When the harsh winter wind chills you to the bone, putting on a pair of fuzzy socks, sitting in front of a crackling fire and warming your hands and belly with a hearty Irish stew is one of the best remedies. But while it’s a privilege to eat a flavourful portion of simmered meat and vegetables today, this wasn’t always the case. Let’s talk about the surprisingly humble beginnings of Ireland’s savoury stew.
Although stews date back all the way to the mighty Roman Empire, this cooking method only became popular in Ireland during the early years of the nineteenth century. During this period, Ireland was transitioning into a phase of severe economic hardship, commonly known as the Irish Potato Famine (1845 – 1852). In the years leading up to this calamity, Irish families were starting to grapple with poverty, brutally limiting their object and food acquisition. Many households had nothing more than a pot as a cooking utensil, which was hung over a fire.
With nothing more than a few cheap and accessible ingredients, such as mutton, onions and potatoes (before the Potato Famine, at least!), families were able to produce a meal in their hanging pot that was modest, but filling enough to survive. However, the early versions of Irish stew were – for modern standards – far from tasty: oftentimes, the mutton was so tough that it had to be simmered for hours on end to even be edible. Only more affluent families were able to use nicer meats and further enhance the taste of their culinary concoction with parsnips, carrots or turnips.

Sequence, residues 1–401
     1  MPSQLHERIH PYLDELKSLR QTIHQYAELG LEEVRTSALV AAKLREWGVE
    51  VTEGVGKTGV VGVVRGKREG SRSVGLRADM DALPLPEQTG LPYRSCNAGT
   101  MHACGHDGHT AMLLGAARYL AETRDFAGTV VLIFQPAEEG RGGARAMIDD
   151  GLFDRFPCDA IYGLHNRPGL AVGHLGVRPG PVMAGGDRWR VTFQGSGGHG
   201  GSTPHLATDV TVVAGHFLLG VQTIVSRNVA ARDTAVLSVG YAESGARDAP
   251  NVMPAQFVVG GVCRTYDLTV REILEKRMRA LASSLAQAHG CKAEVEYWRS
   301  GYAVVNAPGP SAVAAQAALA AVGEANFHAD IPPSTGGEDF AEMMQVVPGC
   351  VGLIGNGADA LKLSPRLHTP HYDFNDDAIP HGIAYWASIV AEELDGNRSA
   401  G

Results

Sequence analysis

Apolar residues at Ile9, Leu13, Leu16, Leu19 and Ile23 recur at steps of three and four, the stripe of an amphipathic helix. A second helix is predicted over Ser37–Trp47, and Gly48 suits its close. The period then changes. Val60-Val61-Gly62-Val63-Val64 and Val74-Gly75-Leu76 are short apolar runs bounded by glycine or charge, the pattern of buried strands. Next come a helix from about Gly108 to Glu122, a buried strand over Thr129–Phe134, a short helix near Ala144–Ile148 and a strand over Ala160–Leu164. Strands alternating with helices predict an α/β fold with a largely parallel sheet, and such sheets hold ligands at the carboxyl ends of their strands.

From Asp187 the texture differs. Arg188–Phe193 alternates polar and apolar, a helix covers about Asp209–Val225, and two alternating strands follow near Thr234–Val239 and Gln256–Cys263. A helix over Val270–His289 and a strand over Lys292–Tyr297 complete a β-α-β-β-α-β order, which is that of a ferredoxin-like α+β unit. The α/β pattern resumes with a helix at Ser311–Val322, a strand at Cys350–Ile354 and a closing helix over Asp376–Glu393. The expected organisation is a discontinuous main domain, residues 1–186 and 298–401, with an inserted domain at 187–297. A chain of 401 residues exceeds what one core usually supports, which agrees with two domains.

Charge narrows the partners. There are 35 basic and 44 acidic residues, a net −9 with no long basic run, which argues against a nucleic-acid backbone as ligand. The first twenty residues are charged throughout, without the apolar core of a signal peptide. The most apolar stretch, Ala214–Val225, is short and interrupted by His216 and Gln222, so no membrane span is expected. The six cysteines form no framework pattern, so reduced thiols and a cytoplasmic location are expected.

Present Preparation Method
The turbulent history of Ireland’s past lives on in the country’s stew, which remains a beloved staple dish in most households and restaurants/pubs to this day. Don’t worry, though: mutton has been replaced with succulent lamb or beef, which will simply melt in your mouth. What’s more, many cooks will add Guinness, root vegetables, garlic, herbs and/or parsley dumplings to the basic recipe. It couldn’t be tastier!
If you’re ready to find out how this peasant dish evolved into a national treasure, simply pop into a traditional Irish pub during your holiday. After all, what could be more satisfying after a long day of sightseeing? And, if you want to load up on carbs to the max, why not add a big piece of Irish soda bread to your helping? Go maith!